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Transversus Abdominis: Function, Origin & Insertion

Instructor: Kaitlin Baker

Kaitlin has taught nursing students and has a master's degree in nursing leaderhsip, as well as a bachelor's degree in English literature.

This lesson will describe the transversus abdominis: an abdominal muscle which works to stabilize the lower back and pelvis and support the abdominal wall. In this lesson, you will learn about the muscle's function, origin, and insertion.

Transversus Abdominis: The ''Corset Muscles''

In Victorian times, many women wore corsets to draw in their waists and make them appear smaller. In modern times, many people do endless crunches and abdominal exercises to obtain that desired ''6-pack.'' In both eras, the same muscles are involved: the transversus abdominis (also called transverse abdominis or TA). Located on each side on the torso, these muscles are actually referred to as the ''corset muscles'' in Pilates exercises, and they play a key role in strengthening and stabilizing the core.

The Corset Muscles

Corsets to Crunches: What does the TA Do?

Located on the front and sides of the abdomen, and deeper than all the other abdominal muscles, the transverse abdominis (TA) does many jobs and is critical for the body's overall function and stability. There is one TA muscle on each side of the body, and each wraps in a horizontal direction from back to front, where they are connected by a fascial sheet (thin strip of fibrous, connective tissue) which allows the two muscles to act as one.

A cut-away view of the TA

The TA muscles support the abdominal wall, also known as the core, and hold the internal organs in place. Contraction of these muscles is done voluntarily, meaning that you can control it yourself, and it has a corset-like effect on your abdomen by flattening and narrowing the muscles which pull in your waist.

These muscles support breathing by helping to pull the abdomen inward, and in that way force air out of the lungs to make room for a new breath of fresh air. These muscles also raise the intra-abdominal pressure which is necessary for functions like urination, defection (having a bowel movement), vomiting, and vaginal childbirth. Other examples of everyday use of this muscle include anything that involves deep breathing or having to use forced exhalation, like playing a wind instrument, blowing up balloons, or moving furniture.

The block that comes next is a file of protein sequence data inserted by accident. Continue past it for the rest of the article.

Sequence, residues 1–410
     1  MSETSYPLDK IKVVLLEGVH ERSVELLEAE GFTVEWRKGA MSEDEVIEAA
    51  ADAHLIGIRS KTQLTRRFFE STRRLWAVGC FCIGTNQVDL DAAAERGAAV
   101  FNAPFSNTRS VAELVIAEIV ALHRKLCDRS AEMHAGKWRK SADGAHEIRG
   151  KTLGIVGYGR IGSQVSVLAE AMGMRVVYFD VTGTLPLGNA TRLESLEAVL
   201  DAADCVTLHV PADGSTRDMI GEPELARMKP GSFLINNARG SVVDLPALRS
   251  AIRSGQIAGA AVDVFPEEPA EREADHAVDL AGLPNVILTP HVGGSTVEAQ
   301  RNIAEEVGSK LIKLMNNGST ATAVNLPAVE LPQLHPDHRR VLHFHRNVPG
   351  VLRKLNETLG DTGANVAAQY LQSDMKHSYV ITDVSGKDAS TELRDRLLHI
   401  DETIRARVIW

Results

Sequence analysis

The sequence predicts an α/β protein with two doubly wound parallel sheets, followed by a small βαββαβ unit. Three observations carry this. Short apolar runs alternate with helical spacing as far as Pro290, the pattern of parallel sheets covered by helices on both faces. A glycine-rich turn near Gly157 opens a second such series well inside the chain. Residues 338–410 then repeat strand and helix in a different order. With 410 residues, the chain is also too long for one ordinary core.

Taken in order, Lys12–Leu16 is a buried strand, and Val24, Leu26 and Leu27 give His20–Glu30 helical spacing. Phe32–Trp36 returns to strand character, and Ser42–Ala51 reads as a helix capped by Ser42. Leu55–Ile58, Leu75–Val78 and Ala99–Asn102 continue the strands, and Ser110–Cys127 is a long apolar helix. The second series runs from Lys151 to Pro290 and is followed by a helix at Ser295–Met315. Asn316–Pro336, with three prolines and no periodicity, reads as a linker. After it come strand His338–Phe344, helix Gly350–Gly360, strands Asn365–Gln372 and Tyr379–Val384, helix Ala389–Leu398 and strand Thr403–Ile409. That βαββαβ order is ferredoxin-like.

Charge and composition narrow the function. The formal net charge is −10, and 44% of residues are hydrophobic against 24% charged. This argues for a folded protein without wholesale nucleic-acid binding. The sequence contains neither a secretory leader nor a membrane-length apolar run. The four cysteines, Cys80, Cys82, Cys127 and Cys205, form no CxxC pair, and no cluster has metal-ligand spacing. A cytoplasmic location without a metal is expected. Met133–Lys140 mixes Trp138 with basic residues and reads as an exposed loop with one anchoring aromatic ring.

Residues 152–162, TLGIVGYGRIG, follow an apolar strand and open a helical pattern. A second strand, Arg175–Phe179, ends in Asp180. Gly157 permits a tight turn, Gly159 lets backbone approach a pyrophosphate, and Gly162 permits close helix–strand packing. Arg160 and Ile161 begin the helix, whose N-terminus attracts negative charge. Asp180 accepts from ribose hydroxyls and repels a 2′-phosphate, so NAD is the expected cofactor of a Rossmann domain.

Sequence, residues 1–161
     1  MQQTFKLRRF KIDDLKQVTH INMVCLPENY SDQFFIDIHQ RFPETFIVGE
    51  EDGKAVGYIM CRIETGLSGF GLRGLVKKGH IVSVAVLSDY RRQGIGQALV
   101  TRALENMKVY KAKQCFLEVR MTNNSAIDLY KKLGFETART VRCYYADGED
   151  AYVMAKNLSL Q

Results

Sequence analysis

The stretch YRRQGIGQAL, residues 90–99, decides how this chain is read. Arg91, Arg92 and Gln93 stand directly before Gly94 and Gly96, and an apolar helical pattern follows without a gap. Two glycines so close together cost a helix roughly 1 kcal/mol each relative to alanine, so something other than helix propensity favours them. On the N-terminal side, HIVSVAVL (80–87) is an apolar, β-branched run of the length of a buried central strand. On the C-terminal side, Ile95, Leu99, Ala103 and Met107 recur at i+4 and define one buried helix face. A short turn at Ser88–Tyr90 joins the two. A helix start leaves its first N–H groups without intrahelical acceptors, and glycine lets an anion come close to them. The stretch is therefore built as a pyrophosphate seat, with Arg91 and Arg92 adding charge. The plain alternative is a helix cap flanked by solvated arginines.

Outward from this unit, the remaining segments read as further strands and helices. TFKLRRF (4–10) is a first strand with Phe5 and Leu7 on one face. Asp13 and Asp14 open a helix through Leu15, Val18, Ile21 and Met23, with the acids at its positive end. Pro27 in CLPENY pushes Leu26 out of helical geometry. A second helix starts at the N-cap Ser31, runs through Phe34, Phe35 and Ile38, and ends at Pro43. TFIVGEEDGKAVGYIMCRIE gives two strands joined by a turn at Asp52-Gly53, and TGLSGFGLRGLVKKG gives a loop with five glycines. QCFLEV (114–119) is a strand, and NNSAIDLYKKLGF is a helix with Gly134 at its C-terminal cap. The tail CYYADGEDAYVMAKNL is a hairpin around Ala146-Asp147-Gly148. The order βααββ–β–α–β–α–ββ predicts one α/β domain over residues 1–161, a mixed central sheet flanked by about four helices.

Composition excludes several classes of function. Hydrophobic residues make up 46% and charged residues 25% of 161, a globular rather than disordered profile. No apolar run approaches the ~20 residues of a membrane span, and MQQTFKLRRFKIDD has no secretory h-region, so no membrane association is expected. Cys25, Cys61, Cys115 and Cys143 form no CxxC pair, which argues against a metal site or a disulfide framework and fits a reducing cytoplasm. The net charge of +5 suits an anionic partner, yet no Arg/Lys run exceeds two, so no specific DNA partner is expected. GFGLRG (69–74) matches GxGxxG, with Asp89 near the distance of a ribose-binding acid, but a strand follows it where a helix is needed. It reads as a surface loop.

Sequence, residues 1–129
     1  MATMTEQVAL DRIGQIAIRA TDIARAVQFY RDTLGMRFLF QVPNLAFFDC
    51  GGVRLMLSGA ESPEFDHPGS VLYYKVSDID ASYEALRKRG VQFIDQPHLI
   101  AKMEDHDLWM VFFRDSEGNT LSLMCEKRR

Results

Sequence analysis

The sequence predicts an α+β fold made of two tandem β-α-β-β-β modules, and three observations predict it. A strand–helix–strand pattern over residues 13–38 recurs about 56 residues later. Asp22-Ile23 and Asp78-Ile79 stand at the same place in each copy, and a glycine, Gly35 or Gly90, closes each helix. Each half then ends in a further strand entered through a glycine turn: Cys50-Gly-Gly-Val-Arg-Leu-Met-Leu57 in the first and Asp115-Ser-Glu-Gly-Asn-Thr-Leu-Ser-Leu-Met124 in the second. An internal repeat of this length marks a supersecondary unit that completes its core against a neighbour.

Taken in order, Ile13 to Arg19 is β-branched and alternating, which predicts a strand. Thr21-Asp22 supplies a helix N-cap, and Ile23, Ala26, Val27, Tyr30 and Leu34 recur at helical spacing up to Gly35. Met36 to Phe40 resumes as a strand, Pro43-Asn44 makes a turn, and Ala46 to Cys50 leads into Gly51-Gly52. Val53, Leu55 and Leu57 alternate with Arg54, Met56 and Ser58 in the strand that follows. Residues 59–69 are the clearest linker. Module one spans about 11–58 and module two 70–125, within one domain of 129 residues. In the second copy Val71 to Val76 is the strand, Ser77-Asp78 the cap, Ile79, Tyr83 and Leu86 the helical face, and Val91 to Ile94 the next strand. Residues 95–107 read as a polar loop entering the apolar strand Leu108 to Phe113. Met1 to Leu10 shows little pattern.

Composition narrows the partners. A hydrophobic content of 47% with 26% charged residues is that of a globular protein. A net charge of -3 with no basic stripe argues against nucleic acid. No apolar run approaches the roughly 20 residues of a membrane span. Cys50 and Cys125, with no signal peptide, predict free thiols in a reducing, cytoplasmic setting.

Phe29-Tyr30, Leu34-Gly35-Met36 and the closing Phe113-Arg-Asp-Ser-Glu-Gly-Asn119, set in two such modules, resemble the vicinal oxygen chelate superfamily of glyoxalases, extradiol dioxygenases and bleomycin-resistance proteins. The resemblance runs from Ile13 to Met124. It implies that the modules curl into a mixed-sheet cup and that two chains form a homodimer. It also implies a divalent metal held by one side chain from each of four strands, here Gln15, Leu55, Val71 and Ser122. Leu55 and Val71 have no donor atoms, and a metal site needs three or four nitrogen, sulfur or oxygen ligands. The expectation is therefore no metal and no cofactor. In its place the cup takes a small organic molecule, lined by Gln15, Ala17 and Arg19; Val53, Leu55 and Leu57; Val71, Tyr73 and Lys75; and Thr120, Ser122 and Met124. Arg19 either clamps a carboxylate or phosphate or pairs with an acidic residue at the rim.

Transverse Abdominis

Together with the obliques (muscles on the sides of the torso), the transverse abdominis muscles also support the bones of the spine when the body is in a squatting or bent-over position. While none of the abdominal muscles actually attach to the spine, the fascia that connects the TA muscles does. The stability this provides helps with those squats and deadlifts at the gym! The TA muscles also collaborate with the obliques and the rectus abdominis (upper abdomen) muscles to hold the belly flat when needed (during crunches and plank exercises, for example.

The Abdominal Muscles

Origin and Insertion of the TA

All voluntary muscles have an origin and an insertion, and the TA is no exception. In most cases, one end of the muscle (the origin) is still, while the other end (the insertion) moves.

TA Origin

The origin of a muscle is the point at which is attaches to a bone which is fixed, or unmoving. The origin is usually the end that is closer to the center of the body, a direction known as proximal. For example, the ankle is distal to the knee (meaning that it is further away from the center of the body than the knee is), and the wrist is distal to the elbow.

The transverse abdominis originates on the following structures:

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